On sense and reference
David Bourget (Western Ontario)
David Chalmers (ANU, NYU)
Rafael De Clercq
Jack Alan Reynolds
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In Darragh Byrne & Max Kölbel (eds.), Arguing About Language. Routledge. 36--56 (2010)
Equality1 gives rise to challenging questions which are not altogether easy to answer. Is it a relation? A relation between objects, or between names or signs of objects? In my Begriffsschrift I assumed the latter. The reasons which seem to favour this are the following: a = a and a = b are obviously statements of differing cognitive value; a = a holds a priori and, according to Kant, is to be labeled analytic, while statements of the form a = b often contain very valuable extensions of our knowledge and cannot always be established a priori. The discovery that the rising sun is not new every morning, but always the same, was one of the most fertile astronomical discoveries. Even to-day the identification of a small planet or a comet is not always a matter of course. Now if we were to regard equality as a relation between that which the names ‘a’ and ‘b’ designate, it would seem that a = b could not differ from a = a (i.e. provided a = b is true). A relation would thereby be expressed of a thing to itself, and indeed one in which each thing stands to itself but to no other thing. What is intended to be said by a = b seems to be that the signs or names ‘a’ and ‘b’ designate the same thing, so that those signs themselves would be under discussion; a relation between them would be asserted. But this relation would hold between the names or signs only in so far as they named or designated something. It would be mediated by the connexion of each of the two signs with the same designated thing. But this is arbitrary. Nobody can be forbidden to use any arbitrarily producible event or object as a sign for something. In that case the sentence a = b would no longer refer to the subject matter, but only to its mode of designation; we would express no proper knowledge by its means. But in many cases this is just what we want to do. If the sign ‘a’ is distinguished from the sign ‘b’ only as object (here, by means of its shape), not as sign (i.e. not by the manner in which it designates something), the cognitive value of a = a becomes essentially equal to that of a = b, provided a = b is true..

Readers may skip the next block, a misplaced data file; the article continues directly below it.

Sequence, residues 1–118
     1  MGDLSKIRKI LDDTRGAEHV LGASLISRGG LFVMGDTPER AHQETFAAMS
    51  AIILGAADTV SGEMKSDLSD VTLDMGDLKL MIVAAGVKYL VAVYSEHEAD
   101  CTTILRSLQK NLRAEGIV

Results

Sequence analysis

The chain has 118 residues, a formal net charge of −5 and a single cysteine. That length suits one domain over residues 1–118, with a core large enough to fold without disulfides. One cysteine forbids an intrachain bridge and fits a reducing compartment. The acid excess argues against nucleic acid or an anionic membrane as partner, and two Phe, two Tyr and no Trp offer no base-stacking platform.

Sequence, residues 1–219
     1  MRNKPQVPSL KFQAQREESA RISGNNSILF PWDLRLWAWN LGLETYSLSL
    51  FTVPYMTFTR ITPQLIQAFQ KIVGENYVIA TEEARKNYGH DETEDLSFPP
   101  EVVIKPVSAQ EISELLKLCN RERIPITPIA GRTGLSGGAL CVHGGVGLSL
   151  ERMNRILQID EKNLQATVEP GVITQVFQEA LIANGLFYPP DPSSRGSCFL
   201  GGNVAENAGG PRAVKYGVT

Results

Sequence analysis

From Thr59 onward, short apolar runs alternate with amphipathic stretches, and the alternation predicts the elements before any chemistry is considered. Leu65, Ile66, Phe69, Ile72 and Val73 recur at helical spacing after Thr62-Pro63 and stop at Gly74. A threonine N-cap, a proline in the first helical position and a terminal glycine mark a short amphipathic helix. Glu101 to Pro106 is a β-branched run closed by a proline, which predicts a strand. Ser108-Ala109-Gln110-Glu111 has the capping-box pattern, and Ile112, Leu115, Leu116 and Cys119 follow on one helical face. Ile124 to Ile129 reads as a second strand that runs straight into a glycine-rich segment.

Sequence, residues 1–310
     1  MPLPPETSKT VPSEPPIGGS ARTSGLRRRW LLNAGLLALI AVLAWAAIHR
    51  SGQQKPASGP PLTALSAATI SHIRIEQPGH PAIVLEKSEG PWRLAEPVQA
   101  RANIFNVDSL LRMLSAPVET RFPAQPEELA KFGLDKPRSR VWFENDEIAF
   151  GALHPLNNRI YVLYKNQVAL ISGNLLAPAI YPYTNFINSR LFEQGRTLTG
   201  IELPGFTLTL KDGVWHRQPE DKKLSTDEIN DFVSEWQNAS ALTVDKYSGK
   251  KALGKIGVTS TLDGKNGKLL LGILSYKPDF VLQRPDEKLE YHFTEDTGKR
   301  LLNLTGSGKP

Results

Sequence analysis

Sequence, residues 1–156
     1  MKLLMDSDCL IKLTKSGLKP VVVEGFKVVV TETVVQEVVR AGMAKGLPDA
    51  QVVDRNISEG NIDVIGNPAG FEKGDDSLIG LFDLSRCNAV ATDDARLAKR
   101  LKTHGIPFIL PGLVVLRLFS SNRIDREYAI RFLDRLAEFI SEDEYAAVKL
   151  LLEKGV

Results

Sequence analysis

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Allan Hazlett (2012). Factive Presupposition and the Truth Condition on Knowledge. Acta Analytica 27 (4):461-478.
Ray S. Jackendoff (1989). What is a Concept, That a Person May Grasp It? Mind and Language 4 (1-2):68-102.
Georges Rey (1983). Concepts and Stereotypes. Cognition 15 (1-3):237-62.
Michael Nelson (2008). Frege and the Paradox of Analysis. Philosophical Studies 137 (2):159 - 181.
Lewis Powell (2012). How to Refrain From Answering Kripke's Puzzle. Philosophical Studies 161 (2):287-308.
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